His greatest accomplishment is his daughter, Daheli, born appropriately on Father’s Day in 1976; a birth in alignment with her dad’s penchant for creating beauty. Professionally, one of Neil Hall’s greatest accomplishments is also a birth, but in this case, of a school to help expose young black students to the field of architecture. His involvement in the creation of Miami Dade’s Design and Architecture High School (DASH) was the answer to the question of how to increase the number of African-American students entering the profession.
In addition to being a part of the group that helped to create what is now one of the top design high schools in the country, Hall also taught at DASH, located in Miami’s Design District near Hall’s office.
“That school started in the early 90s and during that period a magnet school for design, architecture, fashion was unheard of,” Hall shared. As an adjunct professor at DASH, he “had the pleasure of being there at 7 am until about noon,” at which time some of the students would come over and work at his office.
The early exposure to a passionate architect paid off for several students.
“I was very pleased that during the 20th anniversary, I had many of the students who have gone on to Yale…University of Miami who are practicing architects come up and say, ‘Mr. Hall, if it wasn’t for you, I wouldn’t have stayed in this profession,’ said Hall, who considered himself a “pain in the ass” type of teacher. “I wasn’t tolerating anything. Don’t come in my room slouching, hat on and all this stuff,” he shared about his teaching style.
His own foray into architecture began when he was around ten years old. “I was very good with drawing, a little better with math, in a home that was very creative.”
Expanding his passion for architecture to include teaching was a natural progression that Hall did not restrict to the classroom because he also finds it necessary to teach black communities about the importance of aesthetics and preservation.
One aspect of preservation that Hall found especially appealing was the shotgun house. “A very iconic house in black neighborhoods throughout the country,” he explained. Because the shack existed during segregation years, he said blacks had “very difficult memories of these types of houses.”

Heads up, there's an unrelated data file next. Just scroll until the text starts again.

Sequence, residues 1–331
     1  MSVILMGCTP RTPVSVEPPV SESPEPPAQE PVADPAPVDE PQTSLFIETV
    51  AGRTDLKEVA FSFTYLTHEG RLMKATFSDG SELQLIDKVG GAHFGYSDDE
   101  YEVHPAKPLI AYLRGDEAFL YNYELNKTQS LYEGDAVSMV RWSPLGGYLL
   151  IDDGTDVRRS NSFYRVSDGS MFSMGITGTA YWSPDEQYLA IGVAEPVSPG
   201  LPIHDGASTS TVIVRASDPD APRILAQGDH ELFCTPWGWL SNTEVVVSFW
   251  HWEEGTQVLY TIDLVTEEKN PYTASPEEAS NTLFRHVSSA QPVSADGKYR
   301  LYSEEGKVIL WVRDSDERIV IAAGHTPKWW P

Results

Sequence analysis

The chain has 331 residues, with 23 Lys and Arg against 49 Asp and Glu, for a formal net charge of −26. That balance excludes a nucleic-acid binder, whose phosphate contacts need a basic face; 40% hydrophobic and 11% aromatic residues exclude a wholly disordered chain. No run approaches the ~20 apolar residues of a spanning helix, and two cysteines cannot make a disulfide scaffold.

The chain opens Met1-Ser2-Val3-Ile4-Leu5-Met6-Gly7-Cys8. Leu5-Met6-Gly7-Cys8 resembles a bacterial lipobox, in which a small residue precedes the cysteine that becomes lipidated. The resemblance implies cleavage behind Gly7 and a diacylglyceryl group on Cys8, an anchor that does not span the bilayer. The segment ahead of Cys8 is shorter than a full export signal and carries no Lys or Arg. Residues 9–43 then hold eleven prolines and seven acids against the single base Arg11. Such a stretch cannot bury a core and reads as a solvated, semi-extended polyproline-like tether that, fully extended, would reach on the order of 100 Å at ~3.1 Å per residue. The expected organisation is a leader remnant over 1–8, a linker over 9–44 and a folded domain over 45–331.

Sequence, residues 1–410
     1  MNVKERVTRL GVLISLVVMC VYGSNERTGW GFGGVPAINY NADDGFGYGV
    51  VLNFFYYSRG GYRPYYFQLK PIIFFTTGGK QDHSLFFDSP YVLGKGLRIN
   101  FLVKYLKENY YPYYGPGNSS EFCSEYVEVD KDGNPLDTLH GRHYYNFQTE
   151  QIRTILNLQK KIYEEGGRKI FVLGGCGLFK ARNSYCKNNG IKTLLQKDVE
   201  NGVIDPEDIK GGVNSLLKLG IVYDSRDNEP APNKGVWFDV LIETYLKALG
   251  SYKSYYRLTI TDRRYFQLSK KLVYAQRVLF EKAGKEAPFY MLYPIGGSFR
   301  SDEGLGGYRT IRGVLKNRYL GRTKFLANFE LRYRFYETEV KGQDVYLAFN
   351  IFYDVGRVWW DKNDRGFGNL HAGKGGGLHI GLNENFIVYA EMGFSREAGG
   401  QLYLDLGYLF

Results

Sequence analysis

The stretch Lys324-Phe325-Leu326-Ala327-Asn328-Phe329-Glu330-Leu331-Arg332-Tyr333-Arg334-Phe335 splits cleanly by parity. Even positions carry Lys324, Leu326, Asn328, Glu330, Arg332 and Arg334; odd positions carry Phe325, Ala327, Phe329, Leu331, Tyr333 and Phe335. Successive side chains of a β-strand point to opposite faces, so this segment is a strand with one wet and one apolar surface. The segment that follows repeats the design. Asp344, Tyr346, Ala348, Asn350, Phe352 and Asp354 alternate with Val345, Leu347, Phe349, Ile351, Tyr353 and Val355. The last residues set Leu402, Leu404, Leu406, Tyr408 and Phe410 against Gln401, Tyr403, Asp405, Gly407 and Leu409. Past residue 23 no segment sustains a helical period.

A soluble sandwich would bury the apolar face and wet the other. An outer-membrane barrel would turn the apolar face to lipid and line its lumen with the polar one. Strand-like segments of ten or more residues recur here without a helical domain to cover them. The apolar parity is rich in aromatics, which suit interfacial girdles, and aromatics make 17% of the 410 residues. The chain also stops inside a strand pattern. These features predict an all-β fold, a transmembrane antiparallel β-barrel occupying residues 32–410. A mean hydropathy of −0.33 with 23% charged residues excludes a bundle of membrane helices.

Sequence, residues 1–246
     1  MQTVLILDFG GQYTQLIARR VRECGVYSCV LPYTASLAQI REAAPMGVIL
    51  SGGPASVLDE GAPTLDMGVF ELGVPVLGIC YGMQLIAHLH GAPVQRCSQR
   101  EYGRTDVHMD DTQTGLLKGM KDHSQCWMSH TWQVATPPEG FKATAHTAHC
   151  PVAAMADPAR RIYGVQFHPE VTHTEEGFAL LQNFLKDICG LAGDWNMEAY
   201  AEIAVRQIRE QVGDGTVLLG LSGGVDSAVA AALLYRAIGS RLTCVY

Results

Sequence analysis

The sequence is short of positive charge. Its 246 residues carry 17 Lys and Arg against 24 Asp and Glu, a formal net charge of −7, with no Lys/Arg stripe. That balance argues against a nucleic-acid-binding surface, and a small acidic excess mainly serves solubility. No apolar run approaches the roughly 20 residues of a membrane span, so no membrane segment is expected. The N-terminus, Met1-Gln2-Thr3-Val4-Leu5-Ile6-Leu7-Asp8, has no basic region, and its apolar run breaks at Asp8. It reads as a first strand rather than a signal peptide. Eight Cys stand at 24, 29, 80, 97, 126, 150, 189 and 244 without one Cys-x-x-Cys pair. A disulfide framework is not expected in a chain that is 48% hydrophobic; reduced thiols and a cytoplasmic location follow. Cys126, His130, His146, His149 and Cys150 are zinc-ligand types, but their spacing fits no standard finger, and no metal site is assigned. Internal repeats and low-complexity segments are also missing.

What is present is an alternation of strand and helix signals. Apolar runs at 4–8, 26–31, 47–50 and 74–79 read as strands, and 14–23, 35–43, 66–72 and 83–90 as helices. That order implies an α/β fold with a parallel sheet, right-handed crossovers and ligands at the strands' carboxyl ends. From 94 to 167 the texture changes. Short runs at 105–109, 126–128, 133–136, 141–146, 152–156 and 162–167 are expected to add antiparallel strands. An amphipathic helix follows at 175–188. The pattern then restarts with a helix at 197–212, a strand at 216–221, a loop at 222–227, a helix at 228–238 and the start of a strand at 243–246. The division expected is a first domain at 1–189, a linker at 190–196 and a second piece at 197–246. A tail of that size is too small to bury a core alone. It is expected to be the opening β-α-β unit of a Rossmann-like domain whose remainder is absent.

Difficult memories notwithstanding, he wanted black communities to understand the structures’ value and revenue potential the way others did.
“In Key West, other designers sensitive to historic preservation, turned these same shotgun houses into wonderful bed and breakfasts that go for $200, $300 a night,” Hall explained of the “very beautiful type of housing that is Florida made, in terms of South Florida pine.”
Essentially a Renaissance man, Hall has built a thriving architectural practice while also immersing himself into the art world and traveling the country to advocate for blacks to take ownership of their urban space.
He is troubled about what has happened in Detroit, following that city’s economic woes and its administration filing for bankruptcy protection.
“For Detroit to be sold off and people running away from that city is very disturbing for me. The flip side of it is now it is all being bought up by others and that was our city, the motor city. And we’re seeing it all over the country,” he said of gentrification. “Our space is being taken over by others and it doesn’t have to be that way.”
His practice, The Hall Group [THG], is a planning, interior design, architecture, procurement and construction management firm. THG has been successful in developing a resume that runs the gamut of all project types – commercial, retail, aviation, residential, transportation, hospitality, institutional – for both public and private clientele.
Hall’s presence in and support of Miami’s art world has been instrumental in the creation of The Urban Collective, a retail space for black artists to display their work; and in the annual Art Africa Arts Fair.
Hall wants blacks to be a part of the redevelopment in Overtown, a topic he will discuss on Dec. 3 at 6 p.m. at the Lyric Theater, 819 NW 2nd Ave. in Miami.
“I’m going to talk about Overtown, why we should come back home, talking to all these guys who come to the beach in the jets. Come back home and invest,” he said. “Instead of throwing away seven figures on booze and girls, invest and support an artist.”
He also wants artists to awaken to their power by driving the development in urban areas.
Hall explained that when artists congregate in a given area, their very presence can cause the area to “become hip” and attractive to developers who say, ’I think I can open a little boutique, I can open up a jazz café,’ resulting in increased rent that forces artists out.
“If (artists) are the forerunners of development, why not take these spaces that are marginalized, go into them and be the catalyst? Let the politicians recognize that you’ve got an abandoned building, give us an opportunity to own that building and do some wonderful things with the neighborhood. That’s what I’m trying to push. We don’t have to wait for monied people to be the driving force. It’s creators that are the driving force.”